Can we diagnose rare Antinuclear antibody (ANA) associated autoimmune diseases earlier? A matched cohort study of ANA positive patients.
- Principal Investigator: William Evans
- 1 August 2021 to 31 July 2022
- Project No: 521
- Funding round: FR1
Rare diseases are individually rare but collectively common with 1 in 17 individuals affected during their lifetime. Patients with rare diseases frequently describe a long path to diagnosis. ANA-associated diseases are a group of rare diseases that affect different parts of the body, diagnosing these patients is difficult, the ANA test used to help diagnose these patients does not always give a clear answer. It may be positive in those who do not appear to have disease (at least at the time of testing), which leads to uncertainty for patient and doctor. We suspect that these ANA-positive patients may have higher rates of other problems compared to the general population, and there may be features that can help to distinguish those who will later develop active disease from those who won’t.
We aim to describe what happens to patients with an ANA positive blood test in primary care and identify features that may predict which patients will later develop disease.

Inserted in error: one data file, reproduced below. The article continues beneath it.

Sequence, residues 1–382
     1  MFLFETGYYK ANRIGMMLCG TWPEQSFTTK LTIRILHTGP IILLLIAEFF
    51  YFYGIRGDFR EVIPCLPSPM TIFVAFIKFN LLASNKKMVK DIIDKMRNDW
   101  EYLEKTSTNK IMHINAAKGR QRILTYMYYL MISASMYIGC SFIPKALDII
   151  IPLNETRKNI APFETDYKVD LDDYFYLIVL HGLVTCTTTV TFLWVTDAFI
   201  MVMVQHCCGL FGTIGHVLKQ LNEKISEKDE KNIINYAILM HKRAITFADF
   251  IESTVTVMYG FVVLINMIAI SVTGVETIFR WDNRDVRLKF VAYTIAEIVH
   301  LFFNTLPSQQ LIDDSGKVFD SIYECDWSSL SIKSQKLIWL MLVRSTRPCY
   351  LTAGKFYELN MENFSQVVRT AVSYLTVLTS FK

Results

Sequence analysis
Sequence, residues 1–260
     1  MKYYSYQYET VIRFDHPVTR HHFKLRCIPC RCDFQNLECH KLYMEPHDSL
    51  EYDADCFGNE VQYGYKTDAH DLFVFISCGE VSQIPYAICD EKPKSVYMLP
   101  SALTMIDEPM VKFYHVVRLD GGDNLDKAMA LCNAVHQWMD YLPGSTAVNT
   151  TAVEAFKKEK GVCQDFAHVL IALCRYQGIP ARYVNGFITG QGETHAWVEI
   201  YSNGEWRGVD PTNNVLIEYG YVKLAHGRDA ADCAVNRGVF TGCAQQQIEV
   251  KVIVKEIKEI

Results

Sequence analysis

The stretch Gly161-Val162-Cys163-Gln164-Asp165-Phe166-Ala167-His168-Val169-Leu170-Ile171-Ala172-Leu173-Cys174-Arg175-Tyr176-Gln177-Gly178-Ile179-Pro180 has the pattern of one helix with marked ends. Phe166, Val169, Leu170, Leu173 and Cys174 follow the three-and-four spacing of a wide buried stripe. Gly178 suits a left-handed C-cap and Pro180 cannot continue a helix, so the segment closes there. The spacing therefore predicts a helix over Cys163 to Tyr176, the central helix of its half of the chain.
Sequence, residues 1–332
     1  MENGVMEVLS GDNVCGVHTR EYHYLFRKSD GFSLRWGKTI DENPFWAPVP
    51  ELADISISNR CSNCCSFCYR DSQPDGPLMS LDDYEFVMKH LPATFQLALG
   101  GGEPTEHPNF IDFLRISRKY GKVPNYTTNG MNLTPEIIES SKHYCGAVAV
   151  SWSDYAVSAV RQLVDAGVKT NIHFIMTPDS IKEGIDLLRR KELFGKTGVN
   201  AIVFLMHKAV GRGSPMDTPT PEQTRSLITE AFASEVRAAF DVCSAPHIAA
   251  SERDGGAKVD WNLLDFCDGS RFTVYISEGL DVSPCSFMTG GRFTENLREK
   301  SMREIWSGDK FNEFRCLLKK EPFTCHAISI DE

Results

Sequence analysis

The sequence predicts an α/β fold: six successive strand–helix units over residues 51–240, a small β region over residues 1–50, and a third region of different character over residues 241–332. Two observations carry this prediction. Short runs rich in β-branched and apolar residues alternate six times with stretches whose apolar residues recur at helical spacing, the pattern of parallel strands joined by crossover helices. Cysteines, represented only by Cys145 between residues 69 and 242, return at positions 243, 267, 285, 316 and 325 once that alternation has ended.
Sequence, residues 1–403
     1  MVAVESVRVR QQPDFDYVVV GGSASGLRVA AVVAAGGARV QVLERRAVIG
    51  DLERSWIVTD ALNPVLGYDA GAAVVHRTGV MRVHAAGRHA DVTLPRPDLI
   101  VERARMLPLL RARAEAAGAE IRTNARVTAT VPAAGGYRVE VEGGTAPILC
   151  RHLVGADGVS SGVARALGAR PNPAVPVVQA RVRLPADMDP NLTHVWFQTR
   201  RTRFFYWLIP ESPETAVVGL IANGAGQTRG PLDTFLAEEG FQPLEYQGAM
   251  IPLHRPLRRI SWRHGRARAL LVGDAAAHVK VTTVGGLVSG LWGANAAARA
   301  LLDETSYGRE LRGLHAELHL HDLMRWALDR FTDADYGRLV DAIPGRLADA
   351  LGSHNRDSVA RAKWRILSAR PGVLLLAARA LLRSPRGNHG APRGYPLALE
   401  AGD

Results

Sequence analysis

We will start by reviewing what is known about the problems patients with ANA-positive test results suffer and talk to patients affected by the associated diseases and experts.
Then, using the findings of step 1, we will use a large research database of patients’ GP records to compare patients with ANA-positive test results to those without. We will then look to see if we can identify features that can help predict which of the ANA-positive patients will later develop disease. We will combine all our findings and share these in scientific papers and at conferences and with the patient community.
We hope that this study will identify features that could be used to alert doctors to those patients at greater risk of developing active disease, shortening the time to diagnosis, and ultimately improving patients’ lives.
Amount awarded: £33,799